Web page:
Clicking on ‘new and used’ often brings up a bewildering number of offers at wildly differing prices. It is clear that “used” means second hand. An author will not receive a royalty on such sales although they may have received a proper author royalty on the initial sale of the book. The provenance of ‘new’ books is much less clear. A buyer would never know but ‘new’ in this context means ‘pristine’ not ‘a first sale of a book on which the author receives a royalty’.
Where are all these cheap books coming from? We know that some heavily discounted titles intended for export, surplus stock initially bought ‘firm’ by mail order companies or bookclubs, and remainder stock turn up on Amazon Marketplace. Where only a hardback has been published in the UK, but there is a paperback version in print in some other territory, those paperbacks sometimes leak back into the UK market. In all these examples, authors receive very low royalties on the initial sale, none of course on that copy’s re-sale on Amazon – and at the same time these versions undermine ‘proper’ sales and can undermine the economic viability of publishing the work at all.
We are urging Amazon to stick with the undertakings it gave to authors at its inception by prioritising ‘proper’ sales and making it very clear to buyers whether or not a copy is one which will generate an author royalty. Amazon’s principal loyalty may be to buyers not creators, but it should still treat authors fairly and recognise that, in addition, its own massive wealth is very much down to them.
Where viable we look to publishers to regulate the circulation of what can end up as cheap second-hand copies. We also urge Amazon to make clear to buyers where a sale is royalty-generating, strenuously to police territorial rights, and not to sell books – in print or electronic form – at prices so low that they damage any chance that the book world (authors, publishers, high street bookshops which give physical prominence to books in a way Amazon cannot emulate) might have of remaining commercially viable.
Supermarkets, clothes shops and other non-traditional outlets
Supermarkets and major general retail chains buy in large quantities and in return demand very high discounts from publishers. Sometimes the titles in question are niche (e.g. art books) but more often are the anticipated bestsellers. In addition, books are a small part of these retailers’ business and often sold ultra-cheap as loss-leaders.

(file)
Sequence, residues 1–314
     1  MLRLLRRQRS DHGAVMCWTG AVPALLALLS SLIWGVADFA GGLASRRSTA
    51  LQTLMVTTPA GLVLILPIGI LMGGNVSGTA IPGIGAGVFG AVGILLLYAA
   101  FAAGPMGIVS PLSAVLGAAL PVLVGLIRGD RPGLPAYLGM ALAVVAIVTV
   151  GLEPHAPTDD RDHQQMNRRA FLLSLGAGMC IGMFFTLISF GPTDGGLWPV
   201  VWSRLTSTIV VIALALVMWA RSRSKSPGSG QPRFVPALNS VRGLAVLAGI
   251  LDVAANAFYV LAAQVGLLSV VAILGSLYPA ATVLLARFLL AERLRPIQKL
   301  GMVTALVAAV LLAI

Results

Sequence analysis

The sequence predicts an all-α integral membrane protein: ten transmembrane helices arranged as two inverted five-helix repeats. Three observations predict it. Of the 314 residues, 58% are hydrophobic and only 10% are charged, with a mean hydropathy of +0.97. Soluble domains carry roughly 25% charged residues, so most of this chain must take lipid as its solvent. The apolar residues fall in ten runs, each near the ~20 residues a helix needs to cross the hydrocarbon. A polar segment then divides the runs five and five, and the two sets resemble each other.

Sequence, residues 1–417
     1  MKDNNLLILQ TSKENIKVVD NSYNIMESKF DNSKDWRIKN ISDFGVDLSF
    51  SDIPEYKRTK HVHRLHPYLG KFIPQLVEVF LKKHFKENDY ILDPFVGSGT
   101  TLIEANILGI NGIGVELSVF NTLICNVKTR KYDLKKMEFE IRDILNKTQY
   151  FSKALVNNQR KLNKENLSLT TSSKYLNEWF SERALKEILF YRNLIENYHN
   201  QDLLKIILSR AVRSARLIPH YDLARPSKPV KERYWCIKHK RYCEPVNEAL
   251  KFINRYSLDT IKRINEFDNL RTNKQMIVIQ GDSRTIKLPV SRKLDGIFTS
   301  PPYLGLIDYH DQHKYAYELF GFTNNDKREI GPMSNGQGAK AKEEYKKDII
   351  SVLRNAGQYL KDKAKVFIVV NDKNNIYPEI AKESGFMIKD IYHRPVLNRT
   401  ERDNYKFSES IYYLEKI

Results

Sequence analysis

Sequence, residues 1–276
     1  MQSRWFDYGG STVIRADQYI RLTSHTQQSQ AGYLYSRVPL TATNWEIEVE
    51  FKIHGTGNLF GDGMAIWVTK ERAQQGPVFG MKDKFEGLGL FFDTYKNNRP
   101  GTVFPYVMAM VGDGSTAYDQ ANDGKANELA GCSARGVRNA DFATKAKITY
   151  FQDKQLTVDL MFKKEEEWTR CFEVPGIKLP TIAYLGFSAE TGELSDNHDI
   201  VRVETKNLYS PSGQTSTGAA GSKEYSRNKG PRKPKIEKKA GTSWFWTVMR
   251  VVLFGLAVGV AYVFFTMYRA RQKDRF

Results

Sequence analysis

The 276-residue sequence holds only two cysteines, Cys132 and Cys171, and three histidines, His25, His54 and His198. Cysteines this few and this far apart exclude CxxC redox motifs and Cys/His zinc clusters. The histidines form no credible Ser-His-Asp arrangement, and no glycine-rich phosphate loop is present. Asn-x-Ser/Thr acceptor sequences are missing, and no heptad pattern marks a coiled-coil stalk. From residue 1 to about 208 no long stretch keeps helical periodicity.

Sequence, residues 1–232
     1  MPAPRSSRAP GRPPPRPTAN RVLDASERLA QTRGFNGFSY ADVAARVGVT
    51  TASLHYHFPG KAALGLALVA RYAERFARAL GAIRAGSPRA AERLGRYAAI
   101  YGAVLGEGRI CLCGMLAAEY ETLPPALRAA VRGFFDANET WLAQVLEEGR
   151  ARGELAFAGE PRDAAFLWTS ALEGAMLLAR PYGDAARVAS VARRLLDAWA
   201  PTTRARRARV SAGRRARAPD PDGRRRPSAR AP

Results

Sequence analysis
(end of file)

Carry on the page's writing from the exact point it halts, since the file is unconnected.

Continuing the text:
Publishers might sometimes conclude that the certainty of the size of the order outweighs the size of the discount they are having to concede. Authors receive much lower royalties when the publisher sells to the retailer at a high discount but sales may be higher. The chances for independent booksellers and chains to sell the same books is undercut, and the perception is likely to be that the true cost of creating and publishing a book is much lower than it is in reality..
Neither publishers nor authors can influence price at which the retailer sells those or any books, even if a very low selling price undermines authors and high-street bookshops but publishers can control the availability of such copies and we are encouraged by the positive response we are receiving to our campaign to ensure that authors are part of the decision-making.
Second-hand and charity bookshops
Second-hand books have an environmental advantage and it is great to see books shared and loved, but authors receive no royalty or other payment from sales of second-hand books
In addition, authors are concerned that charity bookshops can compete unfairly with high street bookshops since they receive stock for free and do not have the overheads of high street bookshops as they are staffed by volunteers and do not have to pay business rates.
Discount high-street booksellers and garden centres
Such booksellers usually buy remaindered or special sales stock. The author will usually have only received a small payment but these sales do not usually compete directly with full price sales.
The Book People and other mail order and direct sale companies
Such companies buy in large quantities and they buy ‘firm’ (rather than sale or return). In return they demand very high discounts from publishers (sometimes as much as 80%).
The issues are the same as those relating to supermarket sales but with the added problem that because the company has acquired stock ‘firm’ (and very cheap), it is likely to offload any unsold copies under ‘new and used’ on Amazon, where those copies compete directly against royalty-generating sales. Control of the existence of such copies is in the hands of publishers and again we are campaigning hard to ensure that authors are part of the decision-making.